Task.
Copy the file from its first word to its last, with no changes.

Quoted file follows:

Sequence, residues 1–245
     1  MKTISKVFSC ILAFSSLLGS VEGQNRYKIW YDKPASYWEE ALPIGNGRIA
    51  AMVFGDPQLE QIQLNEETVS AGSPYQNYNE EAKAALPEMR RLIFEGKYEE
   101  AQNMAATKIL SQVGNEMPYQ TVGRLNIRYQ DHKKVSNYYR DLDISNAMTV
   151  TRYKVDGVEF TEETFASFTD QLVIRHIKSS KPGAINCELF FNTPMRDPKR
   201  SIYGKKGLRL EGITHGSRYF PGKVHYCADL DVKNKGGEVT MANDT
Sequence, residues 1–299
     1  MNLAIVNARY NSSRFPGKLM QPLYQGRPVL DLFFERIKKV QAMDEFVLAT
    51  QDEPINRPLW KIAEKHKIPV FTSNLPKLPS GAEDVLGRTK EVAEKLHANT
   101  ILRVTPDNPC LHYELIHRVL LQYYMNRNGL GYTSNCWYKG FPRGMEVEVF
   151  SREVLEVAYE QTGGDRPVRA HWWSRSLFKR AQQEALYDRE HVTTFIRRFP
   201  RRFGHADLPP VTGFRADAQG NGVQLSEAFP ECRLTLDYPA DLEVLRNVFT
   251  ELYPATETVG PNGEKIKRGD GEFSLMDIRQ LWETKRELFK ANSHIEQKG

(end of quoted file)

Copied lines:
Sequence, residues 1–245
     1  MKTISKVFSC ILAFSSLLGS VEGQNRYKIW YDKPASYWEE ALPIGNGRIA
    51  AMVFGDPQLE QIQLNEETVS AGSPYQNYNE EAKAALPEMR RLIFEGKYEE
   101  AQNMAATKIL SQVGNEMPYQ TVGRLNIRYQ DHKKVSNYYR DLDISNAMTV
   151  TRYKVDGVEF TEETFASFTD QLVIRHIKSS KPGAINCELF FNTPMRDPKR
   201  SIYGKKGLRL EGITHGSRYF PGKVHYCADL DVKNKGGEVT MANDT
Sequence, residues 1–299
     1  MNLAIVNARY NSSRFPGKLM QPLYQGRPVL DLFFERIKKV QAMDEFVLAT
    51  QDEPINRPLW KIAEKHKIPV FTSNLPKLPS GAEDVLGRTK EVAEKLHANT
   101  ILRVTPDNPC LHYELIHRVL LQYYMNRNGL GYTSNCWYKG FPRGMEVEVF
   151  SREVLEVAYE QTGGDRPVRA HWWSRSLFKR AQQEALYDRE HVTTFIRRFP
   201  RRFGHADLPP VTGFRADAQG NGVQLSEAFP ECRLTLDYPA DLEVLRNVFT
   251  ELYPATETVG PNGEKIKRGD GEFSLMDIRQ LWETKRELFK ANSHIEQKG